Mat Nark

I thought that the sub 2 hour marathon project was a great stimulus to the entire running world. It was a great accomplishment for Kipchoge and the running community as a whole! It brought a lot of positive energy and media attention to our sport at a time when good news is rare. The carrot is now out there for future superstars to chase the sub 2 hour marathon in an official record eligible event. In all sports the world's best always have an unfair technological advantage over the regular folks. This technology (the shoes) will eventually trickle down to everyone as the next advances come. The best will always be the best whether it's the shoes, tires, helmets, climbing gear, or whatever.

Many people tuned in to our sport for this event on that historic day that normally would never have. Soon someone will break the 2 hour barrier in a record eligible marathon and Kipchoge and company set that precedent. They had a dream, set a goal, and they did it! Congratulations!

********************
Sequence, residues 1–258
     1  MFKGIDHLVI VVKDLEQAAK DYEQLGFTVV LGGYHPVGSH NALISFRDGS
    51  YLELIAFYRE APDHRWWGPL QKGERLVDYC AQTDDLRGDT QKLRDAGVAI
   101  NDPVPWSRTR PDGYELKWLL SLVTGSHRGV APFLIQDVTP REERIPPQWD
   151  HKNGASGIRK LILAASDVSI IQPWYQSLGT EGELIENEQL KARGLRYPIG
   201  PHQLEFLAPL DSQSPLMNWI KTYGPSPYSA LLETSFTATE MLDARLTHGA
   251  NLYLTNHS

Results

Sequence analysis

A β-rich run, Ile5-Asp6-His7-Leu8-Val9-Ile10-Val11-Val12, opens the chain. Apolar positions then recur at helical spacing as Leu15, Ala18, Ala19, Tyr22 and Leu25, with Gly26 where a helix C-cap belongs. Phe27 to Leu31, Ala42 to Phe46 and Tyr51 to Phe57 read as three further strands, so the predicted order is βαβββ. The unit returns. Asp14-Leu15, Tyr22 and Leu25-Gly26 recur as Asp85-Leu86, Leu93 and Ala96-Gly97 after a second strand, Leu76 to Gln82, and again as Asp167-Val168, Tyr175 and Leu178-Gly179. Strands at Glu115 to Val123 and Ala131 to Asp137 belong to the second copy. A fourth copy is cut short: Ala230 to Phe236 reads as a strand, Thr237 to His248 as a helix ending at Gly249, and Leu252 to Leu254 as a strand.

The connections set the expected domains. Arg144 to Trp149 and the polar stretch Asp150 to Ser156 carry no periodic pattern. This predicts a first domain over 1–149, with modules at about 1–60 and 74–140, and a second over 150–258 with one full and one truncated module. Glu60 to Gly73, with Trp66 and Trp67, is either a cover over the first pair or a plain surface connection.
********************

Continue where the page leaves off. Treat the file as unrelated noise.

Brothers Taylor and David Troischt

David Troischt

I think it’s an amazing accomplishment. I stayed up to watch it. Even though it wasn’t an official world record and he was given ideal conditions, a lot of support, and a perfect flat course, it was something I wasn’t sure I’d ever see in my lifetime. His pace was incomprehensible to me. I think it will only help the sport of long distance running and help it to continues to gain more and more interest.


Jim Gazzale

I can’t run a single mile at that pace and he did it for 26 miles straight. Incredible! Future: There are no limits to what the human mind can help us accomplish.